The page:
Miami River Commission want city answers on major project
A plan to build a 12-story project on the Miami River offering offices, hotel rooms, luxury residential units and restaurants has been deferred for at least a month by the Miami River Commission.
On a divided vote Monday, the commission voted to defer the case until its July 1 meeting, with the intent to send the project back to committee and require city officials to answer planning and zoning questions.
A development team that includes Avra Jain and others proposes to build a mixed-use project called 555 River House on riverfront property at 517-663 NW South River Drive. The site is currently a commercial shipping terminal and has been for many years.
The plan includes 120,000 square feet of office uses, a hotel with 175 keys, 39 residential units on top of the hotel, and restaurants.
The plan includes a rooftop bar and swimming pool for hotel guests.
Two of the issues the commission wants city officials to address are whether the rooftop use requires special permission, and whether the project is entitled to a 30% reduction in required parking.
The property is on the south side of the river and across from the Spring Garden historic district. Members of the Spring Garden Civic Association have voiced concerns and opposition to the project.
The owner-developers presented their plan to the commission’s Urban Infill and Greenways Subcommittee on May 17.
Carlos Salas, president of the civic association, reported then that association members are concerned about the proposed height of the project, restaurants with outdoor seating, the rooftop pool and bar, and waiver requests to reduce parking, narrow the public riverwalk and waterfront building setback.
Mr. Salas read and distributed a letter from Ernest Martin, who lives in Spring Garden and is co-chair of the subcommittee, in opposition to the project.
On Monday, Mr. Salas shared Dr. Martin’s letter with the full river commission.
He read: “I would like to express my opposition to the project, 555 River House, located at 516-663 NW South River Drive for the following reasons:
“(1) The project is too close to the 8-story residential building to its immediate west which is already under construction.
“(2) The height of the project is overwhelming to its surroundings and specifically to the Spring Garden Historic District directly across the River. The proposed project will create a canyon effect and will carry noise up and down the River.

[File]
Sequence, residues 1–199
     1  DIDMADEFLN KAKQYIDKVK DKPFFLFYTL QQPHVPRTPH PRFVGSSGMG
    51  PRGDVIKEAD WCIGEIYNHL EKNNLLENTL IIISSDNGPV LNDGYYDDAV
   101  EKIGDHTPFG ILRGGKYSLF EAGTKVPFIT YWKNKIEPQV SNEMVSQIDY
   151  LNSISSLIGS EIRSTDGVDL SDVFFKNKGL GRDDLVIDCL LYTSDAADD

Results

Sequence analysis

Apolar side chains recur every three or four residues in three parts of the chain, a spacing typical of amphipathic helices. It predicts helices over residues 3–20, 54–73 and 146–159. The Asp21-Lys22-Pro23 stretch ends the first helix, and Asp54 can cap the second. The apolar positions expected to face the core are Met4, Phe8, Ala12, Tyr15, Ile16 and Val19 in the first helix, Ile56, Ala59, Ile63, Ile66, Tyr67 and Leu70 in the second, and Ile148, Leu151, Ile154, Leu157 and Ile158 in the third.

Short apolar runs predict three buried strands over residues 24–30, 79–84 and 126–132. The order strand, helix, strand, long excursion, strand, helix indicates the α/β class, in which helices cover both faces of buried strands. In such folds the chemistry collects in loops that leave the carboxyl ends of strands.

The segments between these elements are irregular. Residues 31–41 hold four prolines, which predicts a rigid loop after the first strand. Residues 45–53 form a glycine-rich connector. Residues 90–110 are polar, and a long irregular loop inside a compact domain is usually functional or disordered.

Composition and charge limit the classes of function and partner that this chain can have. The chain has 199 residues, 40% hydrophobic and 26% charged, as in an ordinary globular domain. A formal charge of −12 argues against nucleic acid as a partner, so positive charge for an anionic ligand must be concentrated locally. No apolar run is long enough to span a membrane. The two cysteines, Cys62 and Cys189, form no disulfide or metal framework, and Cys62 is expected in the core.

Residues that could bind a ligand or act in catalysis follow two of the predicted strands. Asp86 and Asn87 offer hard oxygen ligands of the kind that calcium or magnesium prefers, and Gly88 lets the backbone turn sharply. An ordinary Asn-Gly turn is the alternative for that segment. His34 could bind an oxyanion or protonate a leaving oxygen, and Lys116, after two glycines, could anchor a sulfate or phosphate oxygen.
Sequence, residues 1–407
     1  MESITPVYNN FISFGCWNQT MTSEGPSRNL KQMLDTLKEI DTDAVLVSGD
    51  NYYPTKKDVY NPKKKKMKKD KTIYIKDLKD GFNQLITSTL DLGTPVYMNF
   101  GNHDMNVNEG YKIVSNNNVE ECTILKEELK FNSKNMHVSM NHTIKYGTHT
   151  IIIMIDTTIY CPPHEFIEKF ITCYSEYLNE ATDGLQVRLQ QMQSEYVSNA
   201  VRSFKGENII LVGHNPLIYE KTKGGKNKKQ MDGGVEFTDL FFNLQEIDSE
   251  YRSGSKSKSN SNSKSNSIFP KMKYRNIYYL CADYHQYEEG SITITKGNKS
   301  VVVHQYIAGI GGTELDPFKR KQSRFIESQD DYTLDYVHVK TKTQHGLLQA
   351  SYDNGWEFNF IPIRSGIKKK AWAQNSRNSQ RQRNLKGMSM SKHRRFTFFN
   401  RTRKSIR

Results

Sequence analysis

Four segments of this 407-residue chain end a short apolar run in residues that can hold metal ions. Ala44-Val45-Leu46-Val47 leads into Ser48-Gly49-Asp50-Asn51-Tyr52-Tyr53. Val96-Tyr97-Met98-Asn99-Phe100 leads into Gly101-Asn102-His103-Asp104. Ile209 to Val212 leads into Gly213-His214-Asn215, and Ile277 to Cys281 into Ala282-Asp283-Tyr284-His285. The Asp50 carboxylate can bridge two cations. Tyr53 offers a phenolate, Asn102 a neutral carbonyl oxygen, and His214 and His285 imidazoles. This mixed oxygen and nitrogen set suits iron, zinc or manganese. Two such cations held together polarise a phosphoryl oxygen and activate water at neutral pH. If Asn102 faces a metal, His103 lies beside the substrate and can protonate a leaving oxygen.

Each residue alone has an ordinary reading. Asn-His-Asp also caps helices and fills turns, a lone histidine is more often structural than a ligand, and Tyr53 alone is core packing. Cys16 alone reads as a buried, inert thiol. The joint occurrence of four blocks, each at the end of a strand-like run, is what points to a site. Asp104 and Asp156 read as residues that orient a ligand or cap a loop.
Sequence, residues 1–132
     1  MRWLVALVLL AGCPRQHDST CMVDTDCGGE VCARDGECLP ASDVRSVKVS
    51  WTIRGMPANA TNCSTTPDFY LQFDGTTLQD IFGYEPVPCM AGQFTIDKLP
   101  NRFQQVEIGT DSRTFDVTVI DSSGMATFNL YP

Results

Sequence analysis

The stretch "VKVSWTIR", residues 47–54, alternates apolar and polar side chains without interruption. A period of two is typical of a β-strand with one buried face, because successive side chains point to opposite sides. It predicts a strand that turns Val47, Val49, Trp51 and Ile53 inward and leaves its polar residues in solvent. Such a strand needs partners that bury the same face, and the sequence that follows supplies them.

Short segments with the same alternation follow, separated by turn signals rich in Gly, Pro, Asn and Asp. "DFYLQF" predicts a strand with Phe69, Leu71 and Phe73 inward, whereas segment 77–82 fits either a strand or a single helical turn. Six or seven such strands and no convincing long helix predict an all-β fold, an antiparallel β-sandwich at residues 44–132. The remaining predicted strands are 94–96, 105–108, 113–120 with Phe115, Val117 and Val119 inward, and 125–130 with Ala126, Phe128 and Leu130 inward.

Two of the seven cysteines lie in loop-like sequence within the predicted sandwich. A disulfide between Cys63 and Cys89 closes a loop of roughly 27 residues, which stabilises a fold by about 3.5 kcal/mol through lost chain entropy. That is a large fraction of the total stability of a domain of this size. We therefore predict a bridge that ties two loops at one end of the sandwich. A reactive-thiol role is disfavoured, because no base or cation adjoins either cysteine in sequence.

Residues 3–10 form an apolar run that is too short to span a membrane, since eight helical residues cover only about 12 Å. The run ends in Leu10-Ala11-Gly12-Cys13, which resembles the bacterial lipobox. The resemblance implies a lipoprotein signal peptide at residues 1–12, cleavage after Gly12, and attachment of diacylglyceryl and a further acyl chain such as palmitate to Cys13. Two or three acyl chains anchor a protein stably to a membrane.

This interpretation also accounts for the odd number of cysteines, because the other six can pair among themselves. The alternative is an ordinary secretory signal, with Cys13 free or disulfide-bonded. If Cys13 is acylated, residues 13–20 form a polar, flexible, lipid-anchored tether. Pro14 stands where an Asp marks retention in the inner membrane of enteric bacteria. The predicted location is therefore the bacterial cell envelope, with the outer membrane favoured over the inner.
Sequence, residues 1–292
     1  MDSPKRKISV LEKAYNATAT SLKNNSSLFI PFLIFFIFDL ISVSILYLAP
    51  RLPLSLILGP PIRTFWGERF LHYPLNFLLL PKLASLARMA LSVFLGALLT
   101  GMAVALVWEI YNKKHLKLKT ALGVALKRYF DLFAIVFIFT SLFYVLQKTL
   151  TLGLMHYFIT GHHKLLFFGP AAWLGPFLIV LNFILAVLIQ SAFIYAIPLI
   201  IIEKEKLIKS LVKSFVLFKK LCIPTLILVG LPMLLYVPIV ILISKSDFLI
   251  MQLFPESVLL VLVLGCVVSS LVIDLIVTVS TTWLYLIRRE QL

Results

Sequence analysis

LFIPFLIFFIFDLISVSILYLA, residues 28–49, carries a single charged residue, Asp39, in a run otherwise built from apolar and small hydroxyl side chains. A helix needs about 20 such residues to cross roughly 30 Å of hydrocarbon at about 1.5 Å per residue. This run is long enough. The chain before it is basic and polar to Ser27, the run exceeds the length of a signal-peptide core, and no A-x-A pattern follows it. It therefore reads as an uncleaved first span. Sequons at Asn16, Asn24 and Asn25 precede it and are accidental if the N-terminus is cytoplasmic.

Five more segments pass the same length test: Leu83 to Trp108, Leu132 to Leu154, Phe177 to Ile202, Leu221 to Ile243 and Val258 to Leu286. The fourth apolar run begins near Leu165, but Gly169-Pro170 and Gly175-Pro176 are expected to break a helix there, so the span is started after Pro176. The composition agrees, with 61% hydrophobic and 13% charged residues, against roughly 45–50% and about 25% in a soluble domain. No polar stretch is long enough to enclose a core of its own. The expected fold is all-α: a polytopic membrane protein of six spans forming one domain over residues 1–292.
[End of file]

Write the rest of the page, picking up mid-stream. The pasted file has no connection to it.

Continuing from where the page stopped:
“(3) It is inappropriate to allow outdoor dining on the ground floor level along the River with residences nearby. There should be no outdoor dining.
“(4) The rooftop pool and bar are also problematic for the same reason. Noise is a huge concern for all nearby residents.
“In conclusion, the project is simply too dense, too tall, and has amenities that are inappropriate and incompatible for this area of the Miami River,” Mr. Martin had written.
Mr. Salas said the proposed 12-story project is huge and will “hover over” Spring Garden and Little Havana.
He said the river commission shouldn’t allow another shipping company to go out of business to make room for this project.
Charles Greenfield, a Spring Garden homeowner, voiced concern about noise and music from the proposed rooftop venue. “Noise is a huge problem,” he said, as noise from other properties is carried into the historic district, which has more than 150 homes.
Iris Escarra, an attorney representing the developers, characterized the property as “a very funky site” and said the design team had challenges with the odd-shaped parcel.
Because of this, she noted that some of the planned public riverwalk is narrower than the code calls for, and developers are requesting waterfront setback waivers at a couple of “pinch points” on the property.
There will be a new seawall and the project will include dockage and 600 feet of new riverwalk, Ms. Escarra said.
She told the commission the developers will not “max out” the property, as they are leaving about 200,000 square feet on the table, along with 200 residential units and 400 hotel rooms.
Ms. Escarra also said the project has no plans for outdoor dining. “Our restaurants are inside the building,” she said.
The project would be two distinct buildings, connected by elevated walkways.